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Socrates was a postmodernist. Socrates was on a mission toward wisdom, or at least some truth, and the first step in his journey was to admit to himself that he couldn't be sure that any conventional wisdom contained either wisdom or truth. On the wisdom front, well, Athenian society had its issues but was conventionally thought to be run by her best and brightest--experts in their fields--wise men. Socrates, one by one, asked the best and brightest to explain themselves--to enunciate their wisdom--and then tested their utterances for truth. The wise men of Athens were demonstrated to be...lacking.

In his maddeningly round about way, Socrates was the first lover of wisdom who took upon himself a task to publicly "question authority." While he never managed to find wisdom, he found a way to reveal it: admit your misgivings and deficiencies and attempt to overcome them. His method, god help us all, was to subject every idea of knowledge to an existential hole-punch and turn conventional wisdom--and even common sense--into a sieve. Thus far the great colander of wisdom remains largely empty, but a shit ton of mistaken notions of truth have at least been strained and shown the drain. Socrates deconstructed Athenian "high-culture," took his medicine, and left Plato to make something of the pieces.

Plato did something really interesting with the tattered mess he was left with. Unlike Socrates, Plato wasn't just a fucking critic of false wisdom. Plato wanted to discover Truth. But all around him was the collection of broken examples that Socrates seemed to take some great ironic pleasure in taking apart. Still, in every concept Socrates dismantled, in every attempt by his contemporaries to expound them, Plato found some aspect of truth. "This concept of justice," Plato pondered, "might not be the whole truth, but it holds an element of Truth." There's a certain "truthiness" to societal norms, cultural norms, conventional wisdom. Not Truth, exactly, but the best yet cut at it. Plato has a modern counterpart, though I can't put my finger quite on who it might be.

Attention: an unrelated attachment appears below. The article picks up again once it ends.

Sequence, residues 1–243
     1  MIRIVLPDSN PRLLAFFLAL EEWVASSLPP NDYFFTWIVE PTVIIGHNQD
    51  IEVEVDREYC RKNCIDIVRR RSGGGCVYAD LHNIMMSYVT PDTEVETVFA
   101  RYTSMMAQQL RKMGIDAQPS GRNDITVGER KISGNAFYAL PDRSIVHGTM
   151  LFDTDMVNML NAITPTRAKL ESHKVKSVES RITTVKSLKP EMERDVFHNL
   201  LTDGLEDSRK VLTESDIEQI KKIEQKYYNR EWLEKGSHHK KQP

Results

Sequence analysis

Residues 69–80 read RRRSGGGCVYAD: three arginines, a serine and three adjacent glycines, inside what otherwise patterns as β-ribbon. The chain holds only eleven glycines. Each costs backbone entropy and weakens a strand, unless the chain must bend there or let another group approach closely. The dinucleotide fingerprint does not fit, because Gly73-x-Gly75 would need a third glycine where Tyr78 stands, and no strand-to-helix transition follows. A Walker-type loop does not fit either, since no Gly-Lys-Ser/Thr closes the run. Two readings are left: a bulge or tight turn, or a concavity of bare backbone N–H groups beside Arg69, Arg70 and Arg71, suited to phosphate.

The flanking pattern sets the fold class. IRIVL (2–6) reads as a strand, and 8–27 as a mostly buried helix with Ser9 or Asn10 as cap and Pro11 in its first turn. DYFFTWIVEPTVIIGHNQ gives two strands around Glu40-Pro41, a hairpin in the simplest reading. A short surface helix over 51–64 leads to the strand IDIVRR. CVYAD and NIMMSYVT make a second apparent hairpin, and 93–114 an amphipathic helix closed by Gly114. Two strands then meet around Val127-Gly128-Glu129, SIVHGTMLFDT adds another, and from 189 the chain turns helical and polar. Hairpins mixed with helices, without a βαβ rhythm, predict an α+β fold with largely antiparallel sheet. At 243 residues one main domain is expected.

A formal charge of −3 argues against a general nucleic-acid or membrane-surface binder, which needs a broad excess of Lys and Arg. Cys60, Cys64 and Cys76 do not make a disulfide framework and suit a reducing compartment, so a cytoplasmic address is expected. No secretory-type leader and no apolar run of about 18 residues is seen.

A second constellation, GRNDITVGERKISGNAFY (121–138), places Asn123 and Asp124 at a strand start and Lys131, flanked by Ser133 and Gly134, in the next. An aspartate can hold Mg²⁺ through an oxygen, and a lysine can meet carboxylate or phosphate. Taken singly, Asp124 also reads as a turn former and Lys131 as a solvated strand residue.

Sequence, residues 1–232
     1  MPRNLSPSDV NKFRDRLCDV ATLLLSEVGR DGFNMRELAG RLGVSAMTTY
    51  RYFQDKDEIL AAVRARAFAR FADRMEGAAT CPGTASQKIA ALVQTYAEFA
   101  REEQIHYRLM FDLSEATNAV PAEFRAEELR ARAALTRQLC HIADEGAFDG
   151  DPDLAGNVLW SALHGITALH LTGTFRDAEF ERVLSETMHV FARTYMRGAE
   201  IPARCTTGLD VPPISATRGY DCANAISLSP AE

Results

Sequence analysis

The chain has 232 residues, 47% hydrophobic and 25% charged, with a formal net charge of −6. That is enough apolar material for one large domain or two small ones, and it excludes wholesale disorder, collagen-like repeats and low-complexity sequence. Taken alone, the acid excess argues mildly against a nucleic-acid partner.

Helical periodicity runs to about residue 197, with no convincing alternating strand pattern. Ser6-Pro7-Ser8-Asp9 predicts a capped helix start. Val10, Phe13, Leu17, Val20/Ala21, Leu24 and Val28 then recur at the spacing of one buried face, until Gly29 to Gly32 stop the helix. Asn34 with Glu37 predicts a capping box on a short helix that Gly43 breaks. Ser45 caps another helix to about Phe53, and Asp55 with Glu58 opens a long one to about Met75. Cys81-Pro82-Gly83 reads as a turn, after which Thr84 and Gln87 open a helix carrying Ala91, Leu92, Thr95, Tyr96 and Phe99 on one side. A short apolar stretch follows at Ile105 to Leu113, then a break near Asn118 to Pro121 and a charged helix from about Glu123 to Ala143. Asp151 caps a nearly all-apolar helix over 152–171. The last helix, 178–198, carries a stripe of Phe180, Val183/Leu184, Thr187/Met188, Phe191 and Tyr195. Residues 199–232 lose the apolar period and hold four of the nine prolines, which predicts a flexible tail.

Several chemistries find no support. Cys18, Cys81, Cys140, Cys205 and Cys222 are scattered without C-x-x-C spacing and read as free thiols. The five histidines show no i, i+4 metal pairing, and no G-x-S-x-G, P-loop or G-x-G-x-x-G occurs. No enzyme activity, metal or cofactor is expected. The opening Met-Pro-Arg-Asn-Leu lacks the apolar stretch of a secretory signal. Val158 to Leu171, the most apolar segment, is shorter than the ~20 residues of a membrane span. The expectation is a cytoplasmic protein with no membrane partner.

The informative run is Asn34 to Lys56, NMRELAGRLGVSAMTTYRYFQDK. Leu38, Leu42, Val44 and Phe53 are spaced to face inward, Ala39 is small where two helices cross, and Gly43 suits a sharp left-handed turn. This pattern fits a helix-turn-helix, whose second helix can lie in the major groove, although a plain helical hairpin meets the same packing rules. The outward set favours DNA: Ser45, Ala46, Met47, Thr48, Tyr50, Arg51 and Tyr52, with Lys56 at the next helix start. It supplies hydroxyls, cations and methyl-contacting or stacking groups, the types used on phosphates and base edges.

In Plato's time, the sophists ruled. Word-smiths, argument makers, narrative keepers held the power to influence the halls of governance, and to sway the polis. Plato watched as Socrates rendered the best and brightest of the "gate-keepers" of wisdom and truth into drippings from the strainer. What he saw left behind, previously though to be the refuse, the stuff to be discarded, was the Form of Truth. The Form of Justice. The Form of Wisdom. What Plato saw among the refuse left behind by Socrates was the FORMS of all things toward which a social creature and its social organizations OUGHT to be striving.

The sophists with whom Socrates argued were all about "wining friends and influencing [the] people," and Socrates revealed them as fakers. Plato looked deeper into the object of the argument and revealed its Ideals. What is Justice? I don't know, but there's a bit of truth in every effort to parse it. Socrates saw through the sophists of the Athenian expert class and shatter the appearance of wisdom that they enjoyed. Plato sow through Socrates, his project of deconstruction, and attempted to build an Ideal. Plato RECONSTRUCTED wisdom and truth by admitting that neither can ever exist among mere men, but can be striven toward. We might never know Justice, but we can know injustice, and strive to better define Justice through elimination.

The sophists were Modernity, Socrates was Post-modern, and Plato was attempting a synthesis. And the whole fucking project began again with Aristotle. And again. And again.

And still.

govols 7 Nov 27

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Imma toss again, cause. Well, cause.


I'm just gonna toss this back to the top to see if anything more comes of it....


That is the nature of the search for "truth ". Hypothesis, argument, new hypothesis, new argument continue ad infinitum. Finding the bits of "truth" in every hypothesis and argument moves people forward. We must always question societal norms, because many times we accept things which are incorrect. It is the constant questioning and requestioning which is necessary to keep our minds alive. But we also need to remember that by looking at all of this over and over we may let ourselves get swayed by hucksters and such who make arguments which sound good, but really convince us to sacrifice better hypotheses for ones which sound better. Remaining conservative in views and requiring solid, foundationally strong arguments to convince us to change successful strategies is a way forward.

Yes, the way of things. Constant re-evaluation, combined with a gratitude for the systems we inherited that allow for the constant re-evaluation.

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